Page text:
Diageo finally sells General Mills block
When Diageo offloaded its US Pillsbury food division to General Mills for stock in 2001, it did not expect still to be the biggest shareholder in General Mills three years later. But as pressure mounted to dispose of the stake, poor performance at Pillsbury, SEC investigations into General Mills and the overhang of the Diageo block held back the share price. It took an exceptionally well-structured and well-executed deal to overcome these obstacles last month.
BY MID-AFTERNOON on October 4 General Mills' stock price had started to go up. It was a heartening sign for the investment bankers at the four lead underwriters marketing a $2.3 billion concurrent convertible and General Mills common stock secondary offering. It brought a sense of justification to an execution strategy that had been three years in the planning and relief that it all seemed to be working on the day.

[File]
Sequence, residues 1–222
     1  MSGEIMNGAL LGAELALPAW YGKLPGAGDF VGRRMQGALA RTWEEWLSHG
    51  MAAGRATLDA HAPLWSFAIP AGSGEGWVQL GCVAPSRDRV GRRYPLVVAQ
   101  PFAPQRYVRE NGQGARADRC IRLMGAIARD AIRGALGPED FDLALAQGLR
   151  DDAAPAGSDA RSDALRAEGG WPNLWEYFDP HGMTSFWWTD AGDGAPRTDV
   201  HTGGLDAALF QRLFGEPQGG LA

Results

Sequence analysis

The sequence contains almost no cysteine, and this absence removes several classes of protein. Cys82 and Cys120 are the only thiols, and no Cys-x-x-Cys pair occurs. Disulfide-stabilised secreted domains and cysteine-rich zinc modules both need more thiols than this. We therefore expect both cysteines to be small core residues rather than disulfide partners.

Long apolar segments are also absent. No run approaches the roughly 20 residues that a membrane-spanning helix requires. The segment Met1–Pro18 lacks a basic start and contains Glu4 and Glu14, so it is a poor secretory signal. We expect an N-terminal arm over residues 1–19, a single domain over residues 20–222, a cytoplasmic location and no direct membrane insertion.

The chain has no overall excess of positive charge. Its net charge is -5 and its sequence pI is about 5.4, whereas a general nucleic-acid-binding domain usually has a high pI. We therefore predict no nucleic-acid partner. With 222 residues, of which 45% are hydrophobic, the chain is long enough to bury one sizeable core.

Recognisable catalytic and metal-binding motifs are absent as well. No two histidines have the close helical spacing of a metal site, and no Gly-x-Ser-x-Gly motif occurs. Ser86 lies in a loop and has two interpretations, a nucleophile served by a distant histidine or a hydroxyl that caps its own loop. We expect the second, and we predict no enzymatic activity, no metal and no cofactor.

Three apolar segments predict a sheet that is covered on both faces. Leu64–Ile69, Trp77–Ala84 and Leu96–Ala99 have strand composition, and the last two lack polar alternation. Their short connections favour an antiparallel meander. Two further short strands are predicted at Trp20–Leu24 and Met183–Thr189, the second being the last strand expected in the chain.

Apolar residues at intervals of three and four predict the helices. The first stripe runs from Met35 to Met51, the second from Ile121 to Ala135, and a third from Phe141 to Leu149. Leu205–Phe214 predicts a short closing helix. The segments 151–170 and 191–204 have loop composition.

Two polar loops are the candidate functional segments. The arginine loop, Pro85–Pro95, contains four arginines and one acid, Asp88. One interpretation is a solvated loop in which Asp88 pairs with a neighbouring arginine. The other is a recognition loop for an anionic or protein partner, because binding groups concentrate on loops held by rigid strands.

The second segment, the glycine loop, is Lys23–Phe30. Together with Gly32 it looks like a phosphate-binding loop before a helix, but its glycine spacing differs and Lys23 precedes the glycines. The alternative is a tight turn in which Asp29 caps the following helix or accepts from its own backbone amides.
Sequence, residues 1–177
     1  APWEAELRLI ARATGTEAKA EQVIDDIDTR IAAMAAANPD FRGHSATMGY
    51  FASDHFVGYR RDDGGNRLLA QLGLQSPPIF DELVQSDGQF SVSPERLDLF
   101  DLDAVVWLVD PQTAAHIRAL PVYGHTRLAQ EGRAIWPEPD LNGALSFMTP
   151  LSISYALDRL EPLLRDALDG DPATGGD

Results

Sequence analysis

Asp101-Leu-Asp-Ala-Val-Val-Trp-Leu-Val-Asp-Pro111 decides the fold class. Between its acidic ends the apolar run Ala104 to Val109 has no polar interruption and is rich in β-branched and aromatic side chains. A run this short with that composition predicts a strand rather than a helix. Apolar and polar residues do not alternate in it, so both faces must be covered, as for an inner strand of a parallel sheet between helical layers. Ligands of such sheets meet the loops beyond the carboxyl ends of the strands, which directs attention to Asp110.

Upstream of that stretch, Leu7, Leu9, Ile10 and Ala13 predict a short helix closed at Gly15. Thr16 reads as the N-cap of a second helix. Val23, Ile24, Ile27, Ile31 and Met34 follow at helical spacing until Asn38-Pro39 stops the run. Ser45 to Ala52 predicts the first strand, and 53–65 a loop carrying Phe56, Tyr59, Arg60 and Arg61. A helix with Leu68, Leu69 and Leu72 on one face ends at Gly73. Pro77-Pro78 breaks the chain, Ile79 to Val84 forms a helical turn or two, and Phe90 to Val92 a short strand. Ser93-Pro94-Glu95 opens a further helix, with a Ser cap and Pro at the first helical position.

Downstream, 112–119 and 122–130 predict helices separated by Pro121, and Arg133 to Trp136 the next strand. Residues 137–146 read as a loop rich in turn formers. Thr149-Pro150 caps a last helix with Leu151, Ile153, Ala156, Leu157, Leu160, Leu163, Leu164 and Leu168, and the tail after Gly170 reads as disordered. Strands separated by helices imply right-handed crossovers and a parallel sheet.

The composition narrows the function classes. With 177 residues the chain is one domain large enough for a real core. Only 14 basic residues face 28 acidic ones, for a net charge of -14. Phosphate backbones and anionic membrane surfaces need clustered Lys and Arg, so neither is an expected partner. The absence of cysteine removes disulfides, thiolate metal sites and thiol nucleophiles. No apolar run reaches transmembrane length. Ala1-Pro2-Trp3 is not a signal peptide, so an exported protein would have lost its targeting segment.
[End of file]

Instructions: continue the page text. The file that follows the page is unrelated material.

General Mills stock had been flat for most of the year, underperforming the food sector index. The company was under investigation by the SEC. The share price had closed down five cents the previous trading day, a Friday, and now, on the Monday, almost 8% of the company's outstanding shares were being sold in an increasingly rare type of US capital markets transaction: a marketed, rather than bought, deal.
Its success shows that, even in volatile and unpromising markets, large and complex equity offerings can still succeed. To do so, they need to be well structured, and the vendor and the company whose stock is being sold must find common ground and work together with the banks to wrest some control from buyers, not least the hedge funds.